Proposed Okla. 'Personhood' Ballot Measure Challenged in Court
March 30, 2012 — The American Civil Liberties Union and the Center for Reproductive Rights on Thursday filed a lawsuit in Oklahoma Supreme Court seeking to block a proposed "personhood" measure from the state's November ballot, the AP/Columbus Republic reports. If enacted, the ballot measure would alter the state constitution to define a person as "any human being from the beginning of biological development to natural death."
The suit, filed on behalf of several Oklahoma doctors and residents, alleged that the amendment "would confer rights on a fertilized egg that trump the rights of each woman to determine whether and when to conceive and whether to carry a pregnancy to term." ACLU and CRR said that the amendment is unconstitutional, would ban abortion under all circumstances and would interfere with a woman's right to use certain forms of birth control and access certain medical procedures, such as in vitro fertilization.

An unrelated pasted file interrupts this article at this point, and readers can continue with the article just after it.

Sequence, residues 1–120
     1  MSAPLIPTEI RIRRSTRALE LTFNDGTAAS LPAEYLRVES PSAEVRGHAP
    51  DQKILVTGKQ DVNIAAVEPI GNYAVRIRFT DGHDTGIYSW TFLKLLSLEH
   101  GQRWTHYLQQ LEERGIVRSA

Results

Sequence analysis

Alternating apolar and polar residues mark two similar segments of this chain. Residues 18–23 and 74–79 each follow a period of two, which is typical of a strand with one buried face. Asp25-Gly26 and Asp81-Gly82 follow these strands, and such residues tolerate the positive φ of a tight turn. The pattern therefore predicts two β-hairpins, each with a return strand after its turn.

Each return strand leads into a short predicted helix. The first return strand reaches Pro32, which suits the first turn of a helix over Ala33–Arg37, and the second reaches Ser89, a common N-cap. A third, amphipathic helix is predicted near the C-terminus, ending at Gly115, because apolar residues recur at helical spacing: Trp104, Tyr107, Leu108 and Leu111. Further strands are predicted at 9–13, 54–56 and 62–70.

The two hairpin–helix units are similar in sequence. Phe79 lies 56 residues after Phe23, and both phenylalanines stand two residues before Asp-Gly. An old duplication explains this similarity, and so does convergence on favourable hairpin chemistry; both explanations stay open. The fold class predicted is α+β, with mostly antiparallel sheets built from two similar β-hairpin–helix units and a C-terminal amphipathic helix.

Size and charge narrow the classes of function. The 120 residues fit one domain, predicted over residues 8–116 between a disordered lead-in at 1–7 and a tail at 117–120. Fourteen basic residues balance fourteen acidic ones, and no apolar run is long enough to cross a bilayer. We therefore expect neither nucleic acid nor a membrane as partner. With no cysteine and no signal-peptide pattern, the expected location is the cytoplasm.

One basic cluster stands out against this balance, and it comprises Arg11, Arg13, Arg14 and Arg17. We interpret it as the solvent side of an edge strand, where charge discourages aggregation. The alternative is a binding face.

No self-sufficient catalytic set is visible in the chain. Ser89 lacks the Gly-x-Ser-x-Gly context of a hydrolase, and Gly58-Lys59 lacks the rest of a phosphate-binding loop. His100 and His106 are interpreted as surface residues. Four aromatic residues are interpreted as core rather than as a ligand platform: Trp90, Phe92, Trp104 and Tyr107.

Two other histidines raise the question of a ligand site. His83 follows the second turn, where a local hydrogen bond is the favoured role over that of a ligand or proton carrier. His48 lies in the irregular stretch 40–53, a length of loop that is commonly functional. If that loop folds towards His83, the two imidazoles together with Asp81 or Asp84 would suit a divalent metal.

"Let's save the taxpayers of Oklahoma the time and expense of collecting and verifying signatures, placing this question on the ballot and sending something that we know is unconstitutional to a vote of the people," Ryan Kiesel, the executive director of the ACLU's Oklahoma chapter, said.
Personhood Oklahoma, the antiabortion-rights group behind the ballot measure, launched an initiative petition on March 1 and has 90 days from that date to collect 155,000 signatures from registered Oklahoma voters. The group, which has said its goal is to tee up a challenge to Roe v. Wade and ultimately outlaw abortion, issued a statement condemning the court challenge.
A separate personhood measure (SB 1433) passed the Oklahoma Senate earlier this year and is pending in the House (Murphy, AP/Columbus Republic, 3/29).